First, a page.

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Shrimp Global Standards Enters Final Stage

Crustaceans Sustainability

GENERAL - The final step in the process of creating global standards for shrimp farming began today, when the Shrimp Aquaculture Dialogue (ShAD) kicked off the last public comment period for the draft standards.

The final standards will address the key environmental and social impacts associated with shrimp farming, an industry that now accounts for one-half of the shrimp eaten globally. Impacts from the industry include water pollution, disease outbreaks, clearing of mangrove forests and disruptions of community livelihoods.

“It is very important that the entire shrimp aquaculture industry, including retailers, farmers and scientists continue to be involved with the development of the standards for responsible shrimp aquaculture so that they can be the most credible ones in the marketplace, and I strongly encourage all industry players to submit their comments” stated Dialogue Global Steering Committee (GSC) member Dominique Gautier of Aqua Star.

Feedback received during the 60-day public comment period will be used by the ShAD’s 14-person GSC to finalize the standards in the first or second quarter of 2011. The standards-development process began in 2007 and has included more than 400 producers, conservationists, government officials, academics and other shrimp farming stakeholders.

Significant changes have been made to the ShAD standards as a result of the input received during and after the first public comment period, which also included one full stakeholder meeting in Jakarta, Indonesia and two additional GSC meetings (Washington, DC and Paris, France). The standards related to the location of shrimp farms have been changed so they are more effective in promoting a responsible aquaculture that is in harmony with both the environment and the people living in the communities located near the farms.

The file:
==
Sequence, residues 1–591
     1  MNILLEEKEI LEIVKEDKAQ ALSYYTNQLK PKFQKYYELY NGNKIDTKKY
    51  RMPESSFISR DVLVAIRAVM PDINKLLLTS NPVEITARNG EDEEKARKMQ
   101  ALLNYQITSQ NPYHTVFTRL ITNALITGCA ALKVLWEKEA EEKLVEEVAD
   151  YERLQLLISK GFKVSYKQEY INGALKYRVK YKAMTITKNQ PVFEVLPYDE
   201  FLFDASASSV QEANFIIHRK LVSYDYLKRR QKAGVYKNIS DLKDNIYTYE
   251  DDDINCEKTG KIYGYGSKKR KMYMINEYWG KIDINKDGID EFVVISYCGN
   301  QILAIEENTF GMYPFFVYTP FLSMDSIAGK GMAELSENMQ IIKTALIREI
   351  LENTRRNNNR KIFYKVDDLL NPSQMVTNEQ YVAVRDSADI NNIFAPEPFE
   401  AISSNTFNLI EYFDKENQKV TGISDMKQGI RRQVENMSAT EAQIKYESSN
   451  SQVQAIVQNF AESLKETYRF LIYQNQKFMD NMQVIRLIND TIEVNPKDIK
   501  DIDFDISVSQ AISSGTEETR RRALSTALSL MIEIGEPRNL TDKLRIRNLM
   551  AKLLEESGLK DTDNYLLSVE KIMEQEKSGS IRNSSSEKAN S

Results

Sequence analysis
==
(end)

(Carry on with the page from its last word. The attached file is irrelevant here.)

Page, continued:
“Stakeholders involved in the process have worked very hard to make changes since the first draft of the ShAD standards was released in March 2010,” said Corey Peet, who coordinates the Dialogue for World Wildlife Fund (WWF). “Continuing to tap into the experiences and expertise of this broad and diverse group of people is making the standards more robust. I am confident that the dedication and hard work of those involved will result in standards that will help transform the shrimp farming industry.”

The process used by the ShAD and the seven other Aquaculture Dialogues coordinated by WWF is the only one for aquaculture standard-setting that seeks to be in compliance with the International Social and Environmental Accreditation and Labeling Alliance’s guidelines for creating environmental and social standards.

“The development of robust standards and certification schemes that can help consumers and businesses make more informed and better choices, and also inspire producers to improve their practices, is becoming essential in our increasingly complex global farmed seafood industries,” said GSC member Peter Bridson of the Monterey Bay Aquarium’s Seafood Watch Program.

The standards will also be performance-based and, as much as possible, metrics-based, thereby encouraging innovation at the farm level.

The ShAD standards will be given to the Aquaculture Stewardship Council (ASC) to manage when that entity is in operation. WWF is helping to create the ASC, which will be responsible for working with independent, third party entities to certify farms that are in compliance with the standards being created by participants of the Aquaculture Dialogues.